To bracket the root, we need one value that’s too low and one that’s too high. With torque_friction=0.3, the table rotates a bit too far:

guess1 = 0.3
error_func1(guess1, system)
0.3 1.666666666666669

With torque_friction=0.4, it doesn’t go far enough.

guess2 = 0.4
error_func1(guess2, system)
0.4 1.2499999999999996

So we can use those two values as a bracket for root_scalar.

res = root_scalar(error_func1, system, bracket=[guess1, guess2])
0.3 1.666666666666669
0.3 1.666666666666669
0.4 1.2499999999999996
0.3400000000000003 1.4705882352941169
0.3340000000000002 1.4970059880239517
0.3333320000000001 1.5000060000239976
0.3333486666010001 1.4999310034693254

The result is 0.333 N m, a little less than the initial guess.

actual_friction = res.root

Now that we know the torque due to friction, we can compute the force needed to rotate the turntable through the remaining angle, that is, from 1.5 rad to 3.14 rad. You’ll have a chance to do that as an exercise, but first, let’s animate the results.

Animating the Turntable#

Here’s a function that takes the state of the system and draws it.

from matplotlib.patches import Circle
from matplotlib.pyplot import gca, axis

def draw_func(t, state):
    theta, omega = state
    # draw a circle for the table
    circle1 = Circle([0, 0], radius_disk)
    # draw a circle for the teapot
    center = pol2cart(theta, radius_pot)
    circle2 = Circle(center, 0.05, color='C1')


This function uses a few features we have not seen before, but you can read about them in the Matplotlib documentation.

Here’s what the initial condition looks like.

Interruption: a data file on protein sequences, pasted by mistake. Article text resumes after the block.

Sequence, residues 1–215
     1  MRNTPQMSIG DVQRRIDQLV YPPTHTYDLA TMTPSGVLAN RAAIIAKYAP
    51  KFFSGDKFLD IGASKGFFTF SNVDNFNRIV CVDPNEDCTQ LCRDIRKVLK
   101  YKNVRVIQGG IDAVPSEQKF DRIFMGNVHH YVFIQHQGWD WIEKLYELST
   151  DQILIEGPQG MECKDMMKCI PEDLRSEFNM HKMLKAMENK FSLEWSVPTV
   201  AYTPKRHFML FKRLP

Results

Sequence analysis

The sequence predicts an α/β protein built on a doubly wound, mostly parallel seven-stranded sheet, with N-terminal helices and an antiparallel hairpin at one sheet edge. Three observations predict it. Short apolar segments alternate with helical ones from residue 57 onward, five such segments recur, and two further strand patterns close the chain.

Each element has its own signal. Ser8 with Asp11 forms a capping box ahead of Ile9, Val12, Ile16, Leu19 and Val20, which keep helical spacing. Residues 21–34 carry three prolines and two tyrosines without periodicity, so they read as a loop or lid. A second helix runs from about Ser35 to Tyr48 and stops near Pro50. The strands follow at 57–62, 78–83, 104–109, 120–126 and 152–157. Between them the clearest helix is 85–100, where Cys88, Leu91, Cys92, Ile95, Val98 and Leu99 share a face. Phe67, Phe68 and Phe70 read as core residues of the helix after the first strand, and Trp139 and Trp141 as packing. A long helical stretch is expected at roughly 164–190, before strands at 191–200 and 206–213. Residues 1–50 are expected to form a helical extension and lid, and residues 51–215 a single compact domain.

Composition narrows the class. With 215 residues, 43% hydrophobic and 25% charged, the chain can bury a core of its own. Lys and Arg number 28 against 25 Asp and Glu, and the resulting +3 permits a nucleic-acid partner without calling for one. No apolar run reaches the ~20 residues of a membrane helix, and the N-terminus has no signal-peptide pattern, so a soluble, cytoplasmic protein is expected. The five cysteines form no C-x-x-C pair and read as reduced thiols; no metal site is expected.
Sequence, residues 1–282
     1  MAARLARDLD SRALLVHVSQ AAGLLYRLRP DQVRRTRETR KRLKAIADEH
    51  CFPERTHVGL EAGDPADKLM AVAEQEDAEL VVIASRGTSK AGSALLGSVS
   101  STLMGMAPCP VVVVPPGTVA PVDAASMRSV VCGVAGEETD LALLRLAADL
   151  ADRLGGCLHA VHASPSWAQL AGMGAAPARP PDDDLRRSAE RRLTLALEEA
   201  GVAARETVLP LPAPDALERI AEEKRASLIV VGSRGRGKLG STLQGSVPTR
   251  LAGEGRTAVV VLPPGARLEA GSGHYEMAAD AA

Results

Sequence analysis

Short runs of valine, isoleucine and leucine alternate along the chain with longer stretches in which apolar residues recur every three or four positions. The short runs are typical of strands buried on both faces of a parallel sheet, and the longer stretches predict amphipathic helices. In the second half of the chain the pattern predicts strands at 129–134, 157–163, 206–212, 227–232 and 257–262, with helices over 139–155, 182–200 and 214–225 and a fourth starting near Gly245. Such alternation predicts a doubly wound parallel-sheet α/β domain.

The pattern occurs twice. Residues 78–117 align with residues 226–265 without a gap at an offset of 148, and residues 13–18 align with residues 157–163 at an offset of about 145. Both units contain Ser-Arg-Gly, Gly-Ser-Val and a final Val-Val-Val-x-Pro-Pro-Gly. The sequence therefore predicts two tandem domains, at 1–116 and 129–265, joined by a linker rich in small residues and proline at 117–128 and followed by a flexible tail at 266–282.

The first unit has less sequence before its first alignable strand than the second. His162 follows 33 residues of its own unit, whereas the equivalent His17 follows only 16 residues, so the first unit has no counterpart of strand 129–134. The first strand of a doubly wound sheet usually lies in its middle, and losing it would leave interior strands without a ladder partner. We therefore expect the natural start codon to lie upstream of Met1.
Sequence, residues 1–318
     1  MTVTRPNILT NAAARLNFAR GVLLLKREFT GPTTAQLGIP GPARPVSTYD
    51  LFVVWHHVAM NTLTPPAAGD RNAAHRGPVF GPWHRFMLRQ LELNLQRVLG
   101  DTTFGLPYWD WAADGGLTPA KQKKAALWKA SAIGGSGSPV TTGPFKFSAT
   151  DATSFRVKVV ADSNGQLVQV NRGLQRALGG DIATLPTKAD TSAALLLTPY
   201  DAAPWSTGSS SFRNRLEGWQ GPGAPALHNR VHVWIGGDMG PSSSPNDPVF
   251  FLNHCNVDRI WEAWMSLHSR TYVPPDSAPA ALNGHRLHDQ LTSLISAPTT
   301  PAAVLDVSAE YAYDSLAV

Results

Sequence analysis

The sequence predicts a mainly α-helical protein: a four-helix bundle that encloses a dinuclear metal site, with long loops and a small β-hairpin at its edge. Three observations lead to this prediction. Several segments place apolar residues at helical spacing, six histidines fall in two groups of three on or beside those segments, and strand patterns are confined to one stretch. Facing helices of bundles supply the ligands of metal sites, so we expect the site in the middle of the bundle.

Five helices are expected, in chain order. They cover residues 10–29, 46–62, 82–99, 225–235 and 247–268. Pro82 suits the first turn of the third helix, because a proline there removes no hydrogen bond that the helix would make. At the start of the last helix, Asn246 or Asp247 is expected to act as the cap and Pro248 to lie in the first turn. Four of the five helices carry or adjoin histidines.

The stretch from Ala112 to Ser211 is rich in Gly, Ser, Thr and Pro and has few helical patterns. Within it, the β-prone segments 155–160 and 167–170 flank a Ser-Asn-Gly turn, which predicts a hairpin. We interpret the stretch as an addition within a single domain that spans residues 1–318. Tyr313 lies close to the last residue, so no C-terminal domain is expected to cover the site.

state = results.iloc[0]
draw_func(0, state)

And here’s how we call it.

# animate(results, draw_func)


The example in this chapter demonstrates the concepts of torque, angular acceleration, and moment of inertia. We used these concepts to simulate a turntable, using a hypothetical observation to estimate torque due to friction. As an exercise, you can finish off the example, estimating the force needed to rotate the table to a given target angle.

The next chapter describes several case studies you can work on to practice the tools from the last few chapters, including projectiles, rotating objects, root_scalar, and maximize_scalar.


This chapter is available as a Jupyter notebook where you can read the text, run the code, and work on the exercises. You can access the notebooks at

Exercise 1#

Continuing the example from this chapter, estimate the force that delivers the teapot to the desired position. Use this System object, with the friction we computed in the previous section.

system3 = system.set(torque_friction=actual_friction)

Write an error function that takes force and system, simulates the system, and returns the difference between theta_final and the remaining angle after the first push.

remaining_angle = theta_target - theta_test

Use your error function and root_scalar to find the force needed for the second push. Run the simulation with the force you computed and confirm that the table stops at the target angle after both pushes.

Hide code cell content
# Solution

def error_func2(force, system):
    """Error function for root_scalar.
    force: hypothetical value
    returns: offset from target value
    results = run_two_phases(force, system.torque_friction, system)
    theta_final = results.iloc[-1].theta
    print(force, theta_final)
    return theta_final - remaining_angle
Hide code cell content
# Solution

guess1 = 2.0
error_func2(guess1, system3)
2.0 1.5000060000239976
Hide code cell content
# Solution

guess2 = 3.0
error_func2(guess2, system3)
3.0 2.250009000035999
Hide code cell content
# Solution

res = root_scalar(error_func2, system3, bracket=[guess1, guess2])
2.0 1.5000060000239976
2.0 1.5000060000239976
3.0 2.250009000035999
2.1887814496255746 1.641592653589789
2.188890888699056 1.6416747332232227
Hide code cell content
# Solution

force = res.root
results = run_two_phases(force, actual_friction, system3)
theta_final = results.iloc[-1].theta
theta_final + theta_test
Hide code cell content
# Solution